Meet Nick, Consultant, Sydney
In my role as an EYC3 consultant I leverage my background as a software developer to develop outcomes tailored to the client’s needs.
I completed a Bachelor of Information Technology and graduated from Macquarie University in 2013. While at uni I always assumed I would become a typical software developer at a large company. My perspectives changed however when I got some work experience and I realised how it wasn’t for me.
Every aspect of my degree has played a part in my work. From information systems, discrete maths to programming – it has all shaped my experience and knowledge which I can pass on to colleagues and provide to clients.
I had heard a lot about Enterprise Intelligence from a friend who was recruited by EYC3. After he told me the broad spectrum of tasks he gets to work on and the interactions he has with key stakeholders I wanted to be signed up right away!
A typical day for me
Spend 40% of my time writing SQL or Python code for client and team projects.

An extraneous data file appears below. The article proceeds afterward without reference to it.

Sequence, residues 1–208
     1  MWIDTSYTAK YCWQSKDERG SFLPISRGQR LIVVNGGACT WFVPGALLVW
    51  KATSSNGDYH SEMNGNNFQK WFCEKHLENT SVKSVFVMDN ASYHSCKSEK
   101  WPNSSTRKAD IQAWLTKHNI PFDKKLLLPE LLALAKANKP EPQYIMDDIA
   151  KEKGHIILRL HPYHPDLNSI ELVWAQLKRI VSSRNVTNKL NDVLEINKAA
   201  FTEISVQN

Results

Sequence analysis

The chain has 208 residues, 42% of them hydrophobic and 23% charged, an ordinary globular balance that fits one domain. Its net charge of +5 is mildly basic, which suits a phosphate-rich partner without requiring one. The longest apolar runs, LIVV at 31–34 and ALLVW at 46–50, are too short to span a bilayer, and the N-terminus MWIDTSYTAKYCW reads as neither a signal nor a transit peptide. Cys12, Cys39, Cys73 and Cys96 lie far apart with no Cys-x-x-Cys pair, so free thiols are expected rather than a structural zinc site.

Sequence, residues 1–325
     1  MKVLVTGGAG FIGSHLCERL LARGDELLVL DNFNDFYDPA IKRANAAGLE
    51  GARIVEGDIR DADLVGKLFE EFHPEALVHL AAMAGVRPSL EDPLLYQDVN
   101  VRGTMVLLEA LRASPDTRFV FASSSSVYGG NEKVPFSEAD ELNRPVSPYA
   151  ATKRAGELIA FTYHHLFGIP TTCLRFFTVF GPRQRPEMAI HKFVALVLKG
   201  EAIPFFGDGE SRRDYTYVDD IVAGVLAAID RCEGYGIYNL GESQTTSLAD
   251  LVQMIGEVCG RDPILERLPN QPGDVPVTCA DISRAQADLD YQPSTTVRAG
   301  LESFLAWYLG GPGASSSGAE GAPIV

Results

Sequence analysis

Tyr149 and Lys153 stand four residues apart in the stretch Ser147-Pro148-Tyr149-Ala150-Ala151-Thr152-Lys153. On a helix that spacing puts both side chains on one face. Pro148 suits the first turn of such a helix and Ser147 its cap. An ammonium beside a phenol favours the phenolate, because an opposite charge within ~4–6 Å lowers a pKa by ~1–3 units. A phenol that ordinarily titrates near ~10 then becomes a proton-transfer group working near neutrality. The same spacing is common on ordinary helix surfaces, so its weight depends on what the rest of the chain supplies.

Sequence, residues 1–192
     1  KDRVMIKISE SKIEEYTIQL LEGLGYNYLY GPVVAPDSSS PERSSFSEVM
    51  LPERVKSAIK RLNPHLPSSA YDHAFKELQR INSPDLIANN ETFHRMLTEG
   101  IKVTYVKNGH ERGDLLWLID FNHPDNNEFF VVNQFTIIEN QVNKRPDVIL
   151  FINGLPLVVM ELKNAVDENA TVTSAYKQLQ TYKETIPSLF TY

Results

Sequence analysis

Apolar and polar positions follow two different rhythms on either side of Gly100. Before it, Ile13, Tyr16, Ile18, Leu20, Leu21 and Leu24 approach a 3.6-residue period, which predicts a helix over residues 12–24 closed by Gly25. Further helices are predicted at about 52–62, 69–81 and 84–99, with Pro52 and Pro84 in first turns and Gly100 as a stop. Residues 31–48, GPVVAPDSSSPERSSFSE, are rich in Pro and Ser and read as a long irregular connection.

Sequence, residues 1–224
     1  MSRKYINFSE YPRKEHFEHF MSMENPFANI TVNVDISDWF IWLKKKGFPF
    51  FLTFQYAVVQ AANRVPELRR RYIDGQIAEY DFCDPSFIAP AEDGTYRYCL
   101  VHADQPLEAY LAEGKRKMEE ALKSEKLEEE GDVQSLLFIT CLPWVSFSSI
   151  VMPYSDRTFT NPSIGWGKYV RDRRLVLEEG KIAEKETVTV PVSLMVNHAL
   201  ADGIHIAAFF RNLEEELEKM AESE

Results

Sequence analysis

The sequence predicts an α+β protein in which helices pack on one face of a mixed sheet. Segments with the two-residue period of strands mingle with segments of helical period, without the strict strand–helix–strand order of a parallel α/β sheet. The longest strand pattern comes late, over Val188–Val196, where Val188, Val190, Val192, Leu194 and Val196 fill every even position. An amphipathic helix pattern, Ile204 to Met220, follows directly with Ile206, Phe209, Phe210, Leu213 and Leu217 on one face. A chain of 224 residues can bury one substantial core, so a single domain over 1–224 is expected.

Spend 10% of my time creating Tableau dashboards.
Spend 25% of my time working with the team to come up with approaches to our collective issues.
Spend the remaining 25% of my time figuring out why things don’t work the way I want them to, i.e. “Why are my numbers off by one?!”, “Python what are you doing?”
I’ve been able to work at client sites and experience their work culture, go on secondment, travel interstate - and volunteer my time at a local charity as part of the EY Foundation.
We work towards a better world for every client, team and person we work with. We’re always looking for ways to improve performance and keep that morale high!
I have worked with numerous teams and EYC3 takes the cake for the smartest, funniest and dedicated bunch. Everyone is from all different walks of life but we blend together in a nice cohesive fashion. The best thing I find is that there is no wall between the management hierarchies – everyone is approachable.
My advice to students
Get more into databases; they are useful in ANY job you take. Don’t just avoid them because they seem mundane – they are fantastically powerful. Oh and the data they give you at uni is nothing like the real world, a good clean dataset? You’re dreaming!
You’ll find that being able to see the bigger picture is perhaps the most important skill. Taking that step back and thinking, where can I take this? What are we working towards? Ask better questions.